One Friday of every danger in Egypt
Thousands of people demanding the president's departure for the 4th consecutive day.
"Down with Hosni Mubarak". Thousands of protesters marched Friday afternoon in Egypt to demand the downfall of their president, the fourth day of a protest movement unprecedented in the country. The parades began after Friday prayers. And despite the decision of the Minister of Interior to ban rallies around major mosques of the country.
The massive deployment of security forces could not prevent the proliferation of demonstrations in many cities including Suez, the scene of violent clashes over the past few days. In Cairo, the capital of 20 million large population, there is chaos: the anti-Mubarak activists fanned out across the city. And yet, the Internet, the main channel of popular mobilization, was inaccessible on Friday in the country for the first time such a scale. Telephone messaging services were not working either and the mobile network was severely disrupted. Clashes across the country
In the Egyptian capital in mid-day, the police tried to disperse demonstrators early after morning prayers, making use of tear gas in many areas. Emmanuel Renard, special envoy of Europe 1, reported that thick white smoke had invaded Cairo. Clashes erupted with police outside a mosque in the city center, where 2,000 people had attended the prayer. Mohamed ElBaradei, the most famous opponent of power, had attended the ceremony. Refuge in the mosque, he asked to stop "violence, detentions and torture."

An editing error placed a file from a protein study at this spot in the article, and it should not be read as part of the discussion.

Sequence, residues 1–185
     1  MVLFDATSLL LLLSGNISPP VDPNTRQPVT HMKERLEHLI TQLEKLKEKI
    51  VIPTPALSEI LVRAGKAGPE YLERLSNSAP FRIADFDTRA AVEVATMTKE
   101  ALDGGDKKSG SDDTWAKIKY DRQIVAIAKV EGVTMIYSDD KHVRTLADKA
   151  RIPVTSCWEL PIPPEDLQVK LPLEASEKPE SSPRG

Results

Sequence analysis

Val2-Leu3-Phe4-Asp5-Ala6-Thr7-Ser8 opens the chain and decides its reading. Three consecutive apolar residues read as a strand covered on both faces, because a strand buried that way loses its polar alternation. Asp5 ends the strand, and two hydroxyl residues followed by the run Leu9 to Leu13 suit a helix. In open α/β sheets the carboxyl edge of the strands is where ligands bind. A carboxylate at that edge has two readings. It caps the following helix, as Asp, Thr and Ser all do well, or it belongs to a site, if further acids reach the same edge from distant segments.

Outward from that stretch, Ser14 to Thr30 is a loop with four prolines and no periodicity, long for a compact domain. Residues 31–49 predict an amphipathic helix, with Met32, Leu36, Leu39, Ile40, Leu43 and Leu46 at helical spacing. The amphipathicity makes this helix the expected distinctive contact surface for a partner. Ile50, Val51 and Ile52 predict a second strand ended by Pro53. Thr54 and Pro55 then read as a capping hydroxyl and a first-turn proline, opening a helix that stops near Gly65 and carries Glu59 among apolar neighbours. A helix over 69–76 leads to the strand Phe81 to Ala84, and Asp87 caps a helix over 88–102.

Several witnesses said dozens of people were injured. The Qatari television channel Al-Jazeera reported at least one dead and dozens injured in a square in central Cairo.
Further north, in Alexandria, Egypt's second city, police fired tear gas and rubber bullets to disperse thousands of protesters shouting "We do not want him", referring to the Egyptian president. At Mansoura in the Nile Delta, security forces, whose number exceeded that of the demonstrators fired teargas to chase away the protesters and some imams in the city have called in their sermons to "go out into the street and ask change ". Posters of Hosni Mubarak's party had been torn. Seven dead in three days
The movement started by young pro-democracy activists dubbed the group "6-April", seems to grow. Inspired by the "Jasmine Revolution" Tunisia has led to the escape of President Ben Ali on January 14 last, the Egyptians descend daily on the streets since Tuesday as part of an unprecedented protest against the regime of Hosni Mubarak. The dispute has left seven dead and dozens injured and resulted in more than a thousand arrests in three days.
Protesters demanding better living conditions in a country where a state of emergency was imposed almost 30 years under the regime of Hosni Mubarak, and where more than 40% of the 80 million people live on less than two dollars per day per person. The Muslim Brotherhood, the main opposition force, have announced their participation in the rallies. 4 French journalists arrested
The Arab television Al-Jazeera and Al-Arabiya reported police brutality against some of their journalists in Cairo. Friday noon, the French Foreign Ministry announced the arrest of four French journalists. They were quickly released.
The Egyptian president, age 82, has relied for almost 30 years on a formidable police apparatus and a system dominated by a party that he is devoted. Hosni Mubarak has shown by his silence since the start Tuesday of the protest, the largest since he took office in 1981.